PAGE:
- The Washington Times - Thursday, January 30, 2020

President Trump heard on a flight to Michigan for a speech Thursday about the resurgent auto industry that his administration is deporting hundreds of the state’s Iraqi Christians who face persecution abroad — many of whom voted for him in his narrow victory there in 2016.

By the time Air Force One landed in the battleground state, Mr. Trump had decided to take steps to allow the Chaldeans — Iraqi Catholics — to stay in the U.S.

“We have some Chaldeans that are working here,” the president told auto parts workers at a plant in Warren, Michigan. “And we talked about it long and hard on the flight in, and we’re going to make sure that we do everything we can to keep people who have been good to this country out of harm’s way. When I get back [to Washington] we’re going to give those who need it an extension to stay in our country.”

Among the Michigan lawmakers traveling with Mr. Trump was Republican Rep. John Moolenaar, who has proposed a bill with Democratic Rep. Andy Levin that would pause deportations for Iraqi nationals for two years to allow time for them to have their cases heard individually in immigration court.

The Detroit area has one of the largest Chaldean populations outside Iraq, as many as 150,000 residents. The Trump administration is trying to deport more than 1,400 Iraqi nationals, most of whom are Chaldeans living in Detroit. Most of the community is conservative, and they voted heavily for Mr. Trump in 2016 in a state that he won by about 10,000 votes. Some have said they feel betrayed.



Mr. Trump said local officials made a persuasive case to him on the flight to Michigan.

“I said to them, ‘I know you have a wonderful Iraqi Christian community in Michigan,’” Mr. Trump said at the manufacturing plant. “And the congressmen were telling me on the plane how rough it’s been for them. It’s been a very tough time for a lot of Christians all over the world. And so we’re going to be extending them. And a lot of people in Michigan have been asking for that. So we’ll work with that when we get back with your great congressmen.”

Mr. Trump didn’t say specifically what he would do to stop the deportations.

Mr. Levin said in a statement that Mr. Trump created the problem.

“It should be noted that Iraqi nationals face these precarious circumstances only because President Trump broke with past administrations and started aggressively deporting Iraqis,” he said. “The president’s words inspire me with cautious optimism, but let me be extremely clear — relief must be extended to all Iraqi nationals who would face danger if they are deported against their will.

“This issue supersedes partisan politics, and it is not hyperbole to call it a matter of life and death.”

The president’s promise was met with cheers and applause from the workers. But Margo Schlanger, a law professor at the University of Michigan law school, called it “cheap talk.”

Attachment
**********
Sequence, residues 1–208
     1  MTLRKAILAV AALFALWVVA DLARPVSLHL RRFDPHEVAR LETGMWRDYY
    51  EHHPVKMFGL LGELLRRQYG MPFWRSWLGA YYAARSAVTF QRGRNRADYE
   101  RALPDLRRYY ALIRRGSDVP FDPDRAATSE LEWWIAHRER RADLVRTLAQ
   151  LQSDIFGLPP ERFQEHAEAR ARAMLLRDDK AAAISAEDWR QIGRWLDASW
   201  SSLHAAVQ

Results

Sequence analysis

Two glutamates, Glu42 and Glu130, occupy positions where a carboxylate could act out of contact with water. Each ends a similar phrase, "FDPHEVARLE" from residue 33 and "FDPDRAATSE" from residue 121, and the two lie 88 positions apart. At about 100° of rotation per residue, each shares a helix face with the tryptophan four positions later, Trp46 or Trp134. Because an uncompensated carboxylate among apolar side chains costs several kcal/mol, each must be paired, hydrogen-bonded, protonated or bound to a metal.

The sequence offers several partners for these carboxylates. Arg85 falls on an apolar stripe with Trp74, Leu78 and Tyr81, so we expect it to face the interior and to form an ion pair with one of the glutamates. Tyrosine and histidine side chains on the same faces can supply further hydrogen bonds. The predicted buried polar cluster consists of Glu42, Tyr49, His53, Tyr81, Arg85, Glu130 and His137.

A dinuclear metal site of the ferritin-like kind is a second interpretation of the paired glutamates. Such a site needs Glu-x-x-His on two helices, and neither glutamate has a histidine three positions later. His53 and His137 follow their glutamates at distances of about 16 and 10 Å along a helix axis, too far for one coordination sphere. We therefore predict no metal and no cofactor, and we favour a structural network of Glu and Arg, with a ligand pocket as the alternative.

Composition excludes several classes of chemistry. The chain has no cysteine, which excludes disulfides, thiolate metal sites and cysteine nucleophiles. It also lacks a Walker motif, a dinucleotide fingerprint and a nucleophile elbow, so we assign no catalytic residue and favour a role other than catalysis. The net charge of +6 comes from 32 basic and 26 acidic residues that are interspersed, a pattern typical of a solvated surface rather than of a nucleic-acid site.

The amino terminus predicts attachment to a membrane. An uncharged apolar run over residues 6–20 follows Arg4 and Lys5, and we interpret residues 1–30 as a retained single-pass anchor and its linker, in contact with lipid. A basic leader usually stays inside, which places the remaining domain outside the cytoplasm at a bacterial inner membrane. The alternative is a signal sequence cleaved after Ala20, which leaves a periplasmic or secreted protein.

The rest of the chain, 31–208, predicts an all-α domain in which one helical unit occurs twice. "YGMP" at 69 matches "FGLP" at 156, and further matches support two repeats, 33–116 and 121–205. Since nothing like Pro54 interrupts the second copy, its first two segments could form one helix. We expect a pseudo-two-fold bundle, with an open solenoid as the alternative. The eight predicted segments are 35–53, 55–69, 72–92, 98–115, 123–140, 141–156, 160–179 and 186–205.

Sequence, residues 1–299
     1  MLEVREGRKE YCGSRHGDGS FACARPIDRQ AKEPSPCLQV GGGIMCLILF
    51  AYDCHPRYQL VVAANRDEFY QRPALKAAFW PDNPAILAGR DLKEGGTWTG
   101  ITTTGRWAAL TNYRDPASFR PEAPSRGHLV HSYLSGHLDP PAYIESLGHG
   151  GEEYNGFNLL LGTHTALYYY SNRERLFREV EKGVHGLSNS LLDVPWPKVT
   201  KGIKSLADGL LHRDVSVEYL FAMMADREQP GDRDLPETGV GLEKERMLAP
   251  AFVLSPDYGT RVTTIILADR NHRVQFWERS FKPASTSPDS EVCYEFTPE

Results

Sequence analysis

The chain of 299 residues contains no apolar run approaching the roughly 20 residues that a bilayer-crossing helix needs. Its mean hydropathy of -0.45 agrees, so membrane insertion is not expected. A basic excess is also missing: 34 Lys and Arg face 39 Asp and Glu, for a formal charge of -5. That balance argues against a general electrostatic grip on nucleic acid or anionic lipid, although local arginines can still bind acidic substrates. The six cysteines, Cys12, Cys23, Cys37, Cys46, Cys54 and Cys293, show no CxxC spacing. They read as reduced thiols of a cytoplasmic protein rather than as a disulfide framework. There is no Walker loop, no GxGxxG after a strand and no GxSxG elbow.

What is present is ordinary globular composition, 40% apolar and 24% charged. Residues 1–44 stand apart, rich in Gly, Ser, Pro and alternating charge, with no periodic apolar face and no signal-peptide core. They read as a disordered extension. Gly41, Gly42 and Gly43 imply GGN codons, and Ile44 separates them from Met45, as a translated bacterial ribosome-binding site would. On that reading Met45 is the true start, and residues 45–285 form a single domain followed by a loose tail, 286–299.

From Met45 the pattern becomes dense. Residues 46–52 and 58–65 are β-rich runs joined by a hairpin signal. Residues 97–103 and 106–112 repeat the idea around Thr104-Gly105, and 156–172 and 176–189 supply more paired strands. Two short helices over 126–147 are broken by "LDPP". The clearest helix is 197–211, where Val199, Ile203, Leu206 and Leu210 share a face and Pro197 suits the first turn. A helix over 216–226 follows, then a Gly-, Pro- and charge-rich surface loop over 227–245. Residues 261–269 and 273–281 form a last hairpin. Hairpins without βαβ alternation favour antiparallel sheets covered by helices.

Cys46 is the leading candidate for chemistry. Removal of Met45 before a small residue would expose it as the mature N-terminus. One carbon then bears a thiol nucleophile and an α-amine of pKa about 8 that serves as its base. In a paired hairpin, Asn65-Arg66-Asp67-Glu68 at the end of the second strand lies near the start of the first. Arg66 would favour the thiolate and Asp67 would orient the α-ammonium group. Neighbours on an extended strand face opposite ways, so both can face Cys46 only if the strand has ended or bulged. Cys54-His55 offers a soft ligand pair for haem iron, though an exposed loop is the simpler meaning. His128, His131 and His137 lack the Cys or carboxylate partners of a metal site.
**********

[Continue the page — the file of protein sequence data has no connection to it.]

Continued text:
“I’ve spent 2.5 years helping protect Chaldeans from mass deportation attempted by the Trump administration,” she tweeted. “They are still trying, we are still fighting. Deportations are scheduled right now. The president has discretion to stop them but he won’t exercise it.”

U.S. Immigration and Customs Enforcement in 2017 began rounding up Iraqis in Michigan, most of them with criminal records. The Obama administration had stopped the deportation of Iraq immigrants with criminal records in 2010 after hearing complaints from Chaldean leaders.

The primary reason for Mr. Trump’s visit to Michigan, his fifth as president, was to promote the new trade deal with Canada and Mexico that he signed Wednesday. The overhaul of the North American Free Trade Agreement is projected to create more than 76,000 jobs in the U.S. automotive sector alone over a five-year period.

“Over the next five years, USMCA is projected to increase purchases of American auto parts by $23 billion a year, and automotive investment by at least $34 billion,” Mr. Trump said. “And it’s the very first trade agreement in decades endorsed by American labor.”

Mr. Trump noted that Fiat Chrysler is investing $4.5 billion and creating 6,500 new jobs in Michigan and opening the first new Detroit plant in more than 30 years. Ford is investing $1.5 billion and creating 3,000 new jobs, while General Motors is investing $2.2 billion and creating 2,200 new jobs in Michigan.

“We just ended a nightmare known as NAFTA,” Mr. Trump said. “They took our jobs for a long time. It’s a whole different ballgame, and it’s going to be great for this plant.”

The Dana Inc. factory where Mr. Trump spoke is in Macomb County, which the president won by 12 percentage points in 2016 after President Obama won the county in the previous two elections.

Michigan Gov. Gretchen Whitmer is scheduled to give part of the Democratic rebuttal to Mr. Trump’s State of the Union address Tuesday night.

The president’s comments coincided with an economic report showing that growth slowed to 2.1% in the fourth quarter of last year, matching estimates but falling well short of the White House’s projections of 3% following the 2017 tax cuts. For the year, growth in gross domestic product was 2.3%, below the increase of 2.9% in 2018.

Commerce Secretary Wilbur L. Ross Jr. said the fourth-quarter performance was affected by Boeing’s problems with its 737 MAX airliner and by a strike by 48,000 autoworkers at GM. The six-week strike ended in late October, costing GM nearly $2 billion in lost production and employees about $1 billion in lost wages.

“GDP for 2019 is more great news for the American economy and is even better than what today’s numbers show due to those two special factors,” Mr. Ross said. “Beyond this, Americans continue to experience tremendous increases in employment and wages that prime 2020 for further economic gains.”

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